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Egretta rufescens  Reddish Egret
The Reddish Egret is a rare breeding species in Louisiana and on the Audubon WatchList for North America. These branch-nesting and colonial piscivores are strictly coastal, nesting on barrier islands. The white form or morph was relatively common prior to persecution by plume collectors in the late 1800's.

photos Copyright 1999 by Brian Miller 
immature (inset left); adult male or female (right)

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Egretta thula  Snowy Egret
These branch-nesting piscivores breed in the Mississippi/Red River and Coastal Marsh regions. They seem most common near the coast. The "Possible" records may represent nonbreeding individuals or birds that have commuted some distance from their breeding colonies to forage.

photos Copyright 1999 by Brian Miller 
adult male or female with juvenile (left); adult with courtship color (inset right)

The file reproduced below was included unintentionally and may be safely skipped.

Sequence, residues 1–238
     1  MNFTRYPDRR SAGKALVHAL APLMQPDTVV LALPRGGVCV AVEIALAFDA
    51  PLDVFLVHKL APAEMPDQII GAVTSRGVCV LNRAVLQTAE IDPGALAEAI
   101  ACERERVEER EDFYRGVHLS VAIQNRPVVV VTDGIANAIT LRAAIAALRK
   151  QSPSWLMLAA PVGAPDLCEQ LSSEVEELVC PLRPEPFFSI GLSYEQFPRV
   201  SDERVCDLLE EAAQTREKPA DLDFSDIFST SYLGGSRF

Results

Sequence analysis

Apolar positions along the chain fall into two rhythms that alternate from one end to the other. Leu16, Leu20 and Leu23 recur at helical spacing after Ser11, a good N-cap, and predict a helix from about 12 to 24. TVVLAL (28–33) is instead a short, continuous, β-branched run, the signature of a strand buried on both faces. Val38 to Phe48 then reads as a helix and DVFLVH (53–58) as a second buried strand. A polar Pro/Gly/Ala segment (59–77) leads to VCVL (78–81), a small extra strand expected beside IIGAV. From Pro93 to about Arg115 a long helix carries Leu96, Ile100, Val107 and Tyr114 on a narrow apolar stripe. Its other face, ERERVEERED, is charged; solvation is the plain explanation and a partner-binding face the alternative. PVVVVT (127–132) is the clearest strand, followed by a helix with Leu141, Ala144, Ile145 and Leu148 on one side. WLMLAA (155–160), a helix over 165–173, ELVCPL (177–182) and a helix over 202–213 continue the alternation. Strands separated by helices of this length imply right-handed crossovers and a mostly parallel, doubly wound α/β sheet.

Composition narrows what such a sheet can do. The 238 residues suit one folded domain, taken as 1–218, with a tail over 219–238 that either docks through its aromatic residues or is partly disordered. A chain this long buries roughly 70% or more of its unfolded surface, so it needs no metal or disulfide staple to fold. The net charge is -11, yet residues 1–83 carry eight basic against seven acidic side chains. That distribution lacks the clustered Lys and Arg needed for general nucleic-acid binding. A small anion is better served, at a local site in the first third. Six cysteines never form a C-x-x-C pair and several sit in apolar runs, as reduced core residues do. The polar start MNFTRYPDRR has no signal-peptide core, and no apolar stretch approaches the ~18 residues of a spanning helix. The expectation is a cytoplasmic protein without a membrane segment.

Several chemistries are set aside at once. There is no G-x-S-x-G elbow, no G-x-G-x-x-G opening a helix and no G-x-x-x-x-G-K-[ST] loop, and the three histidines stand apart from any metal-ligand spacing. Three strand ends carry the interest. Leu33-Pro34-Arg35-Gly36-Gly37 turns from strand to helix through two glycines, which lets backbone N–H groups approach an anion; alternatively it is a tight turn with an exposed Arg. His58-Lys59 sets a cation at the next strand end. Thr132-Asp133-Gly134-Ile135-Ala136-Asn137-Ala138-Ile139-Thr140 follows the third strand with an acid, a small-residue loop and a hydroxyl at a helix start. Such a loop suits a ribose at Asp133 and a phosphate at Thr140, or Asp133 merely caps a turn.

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Bubulcus ibis  Cattle Egret
The spread of Cattle Egrets worldwide is attributed to conversion of woodland to pasture and irrigated fields. Cattle egrets invaded the U.S. by 1942 and Louisiana by 1955. These branch-nesting and colonial insectivores are now common across Louisiana. Relatively few breed in the Pine Region, which has fewer nesting sites and fewer pastures for foraging. It is likely that many of the "Possible" records are birds that do not nest in those immediate areas.

photos Copyright 1999 by Bill Bergen 
male (courtship colors) and female (inset)